WHO Announces End of Ebola Outbreak in Southern Sudan


GENEVA It has been more than 42 days since the last person identified as infected with Ebola haemorrhagic fever died in Yambio Hospital in southern Sudan. As 42 days is twice the maximum incubation period for Ebola, and as no further cases have been identified, WHO declares that the outbreak in southern Sudan is over.


"The rapid containment of this outbreak was a tremendous success for the health authorities, WHO, and the international community involved in the control operations," said Dr. Abdullah Ahmed, head of WHO, southern Sudan, and coordinator of the response.


As of last week, the health authorities of Yambio County have reported a total of 17 cases, including seven deaths from Ebola. Ebola haemorrhagic fever is a febrile illness which causes death in 50 percent to 90 percent of all clinically ill cases. It is transmitted by direct contact with the blood, secretions, organs or bodily fluids of infected persons.


"In Yambio, WHO and our partners were able to apply lessons learned during responses to the five Ebola outbreaks that have occurred since 2000," said Dr. Pierre Formenty, who worked as part of WHO's response team. Ebola outbreaks have been detected more frequently in recent years, making local and international collaboration essential.


During this outbreak, Ebola virus (sub-type Sudan) was confirmed by laboratory tests at the Kenya Medical Research Institute and the Centers for Disease Control and Prevention (CDC) in the United States. When the outbreak was first reported in late May, a response team including members from WHO southern Sudan Early Warning and Response Network (EWARN), and WHO headquarters was formed to work with local health authorities in creating a Crisis Committee to control the outbreak.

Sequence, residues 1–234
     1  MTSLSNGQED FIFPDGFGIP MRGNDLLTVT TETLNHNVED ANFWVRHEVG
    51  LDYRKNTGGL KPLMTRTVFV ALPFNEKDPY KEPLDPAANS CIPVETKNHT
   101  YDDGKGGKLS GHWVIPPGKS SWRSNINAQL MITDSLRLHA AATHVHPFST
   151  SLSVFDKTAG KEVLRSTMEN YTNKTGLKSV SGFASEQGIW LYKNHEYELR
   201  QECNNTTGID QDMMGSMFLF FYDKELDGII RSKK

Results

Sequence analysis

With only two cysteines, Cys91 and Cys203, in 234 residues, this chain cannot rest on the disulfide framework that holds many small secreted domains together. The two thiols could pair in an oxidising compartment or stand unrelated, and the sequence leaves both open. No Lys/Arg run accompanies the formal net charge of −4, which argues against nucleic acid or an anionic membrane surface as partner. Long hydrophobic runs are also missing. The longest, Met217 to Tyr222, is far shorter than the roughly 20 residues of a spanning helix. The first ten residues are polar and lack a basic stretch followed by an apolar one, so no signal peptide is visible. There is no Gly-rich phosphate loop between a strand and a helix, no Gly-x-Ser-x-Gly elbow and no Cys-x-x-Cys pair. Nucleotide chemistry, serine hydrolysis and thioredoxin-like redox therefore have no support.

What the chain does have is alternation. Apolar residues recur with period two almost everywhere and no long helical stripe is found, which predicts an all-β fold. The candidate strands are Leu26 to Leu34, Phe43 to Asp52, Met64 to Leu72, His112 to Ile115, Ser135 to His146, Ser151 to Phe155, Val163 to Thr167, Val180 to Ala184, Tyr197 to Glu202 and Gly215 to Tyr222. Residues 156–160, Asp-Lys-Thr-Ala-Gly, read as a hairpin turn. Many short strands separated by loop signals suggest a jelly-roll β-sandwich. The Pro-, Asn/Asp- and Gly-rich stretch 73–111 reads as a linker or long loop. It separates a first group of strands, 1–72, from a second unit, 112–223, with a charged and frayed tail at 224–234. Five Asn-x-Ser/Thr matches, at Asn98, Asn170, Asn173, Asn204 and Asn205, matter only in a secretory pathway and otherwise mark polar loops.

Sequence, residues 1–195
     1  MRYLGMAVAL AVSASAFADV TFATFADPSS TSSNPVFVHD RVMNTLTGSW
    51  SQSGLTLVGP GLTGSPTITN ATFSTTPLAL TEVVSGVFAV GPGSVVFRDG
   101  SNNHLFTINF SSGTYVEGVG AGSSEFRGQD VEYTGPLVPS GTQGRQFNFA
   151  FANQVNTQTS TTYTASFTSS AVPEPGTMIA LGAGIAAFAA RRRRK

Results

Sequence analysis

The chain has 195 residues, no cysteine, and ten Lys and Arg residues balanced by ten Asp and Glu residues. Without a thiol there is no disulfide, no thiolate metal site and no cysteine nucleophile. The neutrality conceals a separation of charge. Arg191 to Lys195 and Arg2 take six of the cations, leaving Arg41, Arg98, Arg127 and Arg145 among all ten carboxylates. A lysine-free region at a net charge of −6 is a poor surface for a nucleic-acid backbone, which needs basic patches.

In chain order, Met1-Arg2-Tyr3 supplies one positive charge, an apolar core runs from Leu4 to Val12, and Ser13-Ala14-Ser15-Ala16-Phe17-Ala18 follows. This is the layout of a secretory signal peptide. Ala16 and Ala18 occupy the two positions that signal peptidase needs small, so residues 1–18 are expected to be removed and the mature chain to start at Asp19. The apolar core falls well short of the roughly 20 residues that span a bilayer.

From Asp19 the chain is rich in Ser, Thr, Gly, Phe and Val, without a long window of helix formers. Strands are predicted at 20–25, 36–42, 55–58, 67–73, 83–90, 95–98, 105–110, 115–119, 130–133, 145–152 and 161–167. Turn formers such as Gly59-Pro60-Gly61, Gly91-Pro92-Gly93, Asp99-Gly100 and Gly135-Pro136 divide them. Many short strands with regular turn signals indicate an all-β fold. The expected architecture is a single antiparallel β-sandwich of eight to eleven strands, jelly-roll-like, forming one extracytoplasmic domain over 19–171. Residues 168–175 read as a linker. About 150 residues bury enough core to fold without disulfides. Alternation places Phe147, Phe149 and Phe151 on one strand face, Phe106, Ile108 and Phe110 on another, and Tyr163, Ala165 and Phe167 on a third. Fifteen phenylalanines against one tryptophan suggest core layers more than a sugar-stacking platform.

The committee included UNICEF, Médecins Sans Frontières-France and other non-governmental organizations and churches working in public health. The international response to the outbreak also included partners from WHO's Regional Office for the Eastern Mediterranean, the Global Outbreak Alert and Response Network (GOARN) as well as experts from the CDC, the European Programme for Intervention Epidemiology Training, Field Epidemiology Training Programme, Egypt and the Health Protection Agency in the United Kingdom.


Intensive social mobilization for Ebola was essential to the outbreak's containment. Key messages about the disease and behaviour-specific precautionary advice were passed on to the people in and around Yambio by local community advocates.


"Once the people of Yambio were convinced of the very real risks Ebola posed and they understood what they could do to protect themselves and their families the outbreak response was greatly accelerated," said Asiya Odugleh from the WHO Mediterranean Centre for Vulnerability Reduction, Tunis, who assisted the county social mobilization team.


The control efforts included, for example, an isolation ward at Yambio Hospital with a low fence so that patients were effectively isolated, yet still able to see and talk to their family and friends over the fence at a safe distance. Such simple adaptations of disease control measures made it easier for families to accept the case management of patients in the isolation unit, while ensuring maximum protection for the medical team and patients.


"The lessons we learned in Yambio from this outbreak will strengthen our responses to future outbreaks," said Dr. Hassan El Bushra from the WHO Regional Office for the Eastern Mediterranean in Cairo. The Yambio experience has proven the value of rapid outbreak detection, local response capacities, active community involvement, and the coordination of specialized international assistance to the outbreak's containment.


"WHO cannot predict where or when the next Ebola outbreak will happen," said Bushra, "But we can continue laying the groundwork by building on what we have learned in Yambio."


Source: WHO




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